ABSORPTION AND METABOLISM OF ESSENTIAL MINERAL NUTRIENTS IN CHILDREN
Location: Children Nutrition Research Center (Houston, Tx)
Title: Characterization of the root transcriptome for iron and zinc homeostasis-related genes in indica rice (Oryza sativa L)
Submitted to: Journal of Plant Biochemistry and Biotechnology
Publication Type: Peer Reviewed Journal
Publication Acceptance Date: February 8, 2010
Publication Date: July 1, 2010
Citation: Chandel, G., Banerjee, S., Vasconcelos, M., Grusak, M.A. 2010. Characterization of the root transcriptome for iron and zinc homeostasis-related genes in indica rice (Oryza sativa L). Journal of Plant Biochemistry and Biotechnology. 19(2):145-152.
Interpretive Summary: Rice is the primary cereal crop and staple food for human populations in several developing countries. Rice is a good source of energy, but a poor dietary source of several minerals. In particular, the micronutrient minerals iron and zinc are found at low concentrations in grains of most rice cultivars. This leads to dietary inadequacies of iron and zinc in many human populations, along with several health-related problems linked to iron and zinc deficiency. To develop strategies that will allow us to provide more dietary iron and zinc in rice grains, we have been interested in identifying the molecular players and processes responsible for moving iron and zinc into the root system of rice plants. The root system is the primary entry point for these minerals into the plant. In this work, we studied several genes that encoded for proteins that help to move iron and zinc across cell membranes. We looked at which of these genes were expressed (that is, turned on) in roots, using various diverse rice cultivars. We showed that some of these genes were turned on in roots of most of the cultivars, thereby demonstrating that these genes played a role in the iron and zinc nutrition of rice plants. We also found several DNA sequence differences amongst cultivars for a few of the genes. This information was used to develop breeding tools that rice breeders could use to select for different copies of these genes. Ultimately, these tools could assist efforts to breed rice cultivars with enhanced levels of iron or zinc in their grains.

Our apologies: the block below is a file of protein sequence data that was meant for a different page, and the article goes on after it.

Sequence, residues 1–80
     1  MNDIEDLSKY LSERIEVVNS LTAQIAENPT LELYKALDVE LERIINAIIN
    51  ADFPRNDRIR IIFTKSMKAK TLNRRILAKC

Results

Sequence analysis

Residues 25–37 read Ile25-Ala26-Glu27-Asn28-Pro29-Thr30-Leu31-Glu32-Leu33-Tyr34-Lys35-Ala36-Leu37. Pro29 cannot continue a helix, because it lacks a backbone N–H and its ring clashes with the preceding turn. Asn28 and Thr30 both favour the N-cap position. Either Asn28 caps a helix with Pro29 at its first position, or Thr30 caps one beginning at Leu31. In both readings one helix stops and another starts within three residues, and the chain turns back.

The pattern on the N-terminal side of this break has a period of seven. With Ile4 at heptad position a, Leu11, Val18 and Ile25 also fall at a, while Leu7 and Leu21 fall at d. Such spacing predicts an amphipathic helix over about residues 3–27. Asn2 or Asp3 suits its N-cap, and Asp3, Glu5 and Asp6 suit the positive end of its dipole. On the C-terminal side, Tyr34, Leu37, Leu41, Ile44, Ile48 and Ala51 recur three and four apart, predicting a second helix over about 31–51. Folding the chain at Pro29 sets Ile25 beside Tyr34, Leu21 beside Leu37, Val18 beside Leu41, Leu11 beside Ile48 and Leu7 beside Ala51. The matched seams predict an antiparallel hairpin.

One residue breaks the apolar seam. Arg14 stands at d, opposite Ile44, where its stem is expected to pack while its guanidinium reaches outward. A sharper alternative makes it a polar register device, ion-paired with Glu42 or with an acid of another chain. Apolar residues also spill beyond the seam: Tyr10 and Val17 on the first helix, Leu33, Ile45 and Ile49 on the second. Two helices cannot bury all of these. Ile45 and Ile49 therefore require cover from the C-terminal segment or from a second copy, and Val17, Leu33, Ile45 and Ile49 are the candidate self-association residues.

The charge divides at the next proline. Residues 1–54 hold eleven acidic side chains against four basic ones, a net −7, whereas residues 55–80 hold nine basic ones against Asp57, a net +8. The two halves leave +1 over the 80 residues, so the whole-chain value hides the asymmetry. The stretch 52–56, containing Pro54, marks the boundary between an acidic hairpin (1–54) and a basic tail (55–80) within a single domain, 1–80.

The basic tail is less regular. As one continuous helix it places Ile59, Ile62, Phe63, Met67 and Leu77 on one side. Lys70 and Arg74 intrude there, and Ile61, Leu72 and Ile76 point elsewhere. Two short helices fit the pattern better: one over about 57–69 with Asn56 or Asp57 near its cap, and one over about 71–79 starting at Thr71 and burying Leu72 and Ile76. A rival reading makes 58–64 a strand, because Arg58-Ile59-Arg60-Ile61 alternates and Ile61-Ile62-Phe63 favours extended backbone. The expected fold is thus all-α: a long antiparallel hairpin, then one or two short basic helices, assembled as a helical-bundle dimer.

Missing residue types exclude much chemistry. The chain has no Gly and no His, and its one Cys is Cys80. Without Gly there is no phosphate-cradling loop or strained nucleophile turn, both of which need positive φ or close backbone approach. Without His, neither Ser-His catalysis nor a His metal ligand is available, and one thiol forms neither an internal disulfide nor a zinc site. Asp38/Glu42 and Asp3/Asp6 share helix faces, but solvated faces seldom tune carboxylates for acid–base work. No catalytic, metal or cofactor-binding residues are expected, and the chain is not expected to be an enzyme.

Micronutrient malnutrition is the most common form of nutrient deficiency among populations having a cereal based-diet. Rice is the staple food for one third of the world’s population, but is a poor source of iron and zinc concentration. We have characterized the root transcriptome of diverse indica rice cultivars for expression of ten known metal homeostasis related genes in plants grown under controlled conditions [with Fe (III)-HEDTA iron source]. Fe/Zn concentrations of root and shoot tissues were also determined. Expression analysis showed expression of OsFRO2, OsZIP9, OsYSL3, OsIRT-1, and OsZip5 expressed in most of the cultivars. The cDNA amplicons of OsFRO2 and OsZIP9 from different cultivars were analyzed for sequence homology and several variations were identified in their nucleotide sequences among the rice genotypes. More than 94% sequence homology was observed for both the genes. We analyzed the genomic region underlying these genes to obtain information about possible spatial localization, based on overlapping ESTs and MPSS tags. In addition, putative SNPs were identified within OsFRO2 and OsZIP9 genes that need to be validated. The sequence based information may be useful in further development of gene specific markers for screening and breeding of high iron and zinc lines.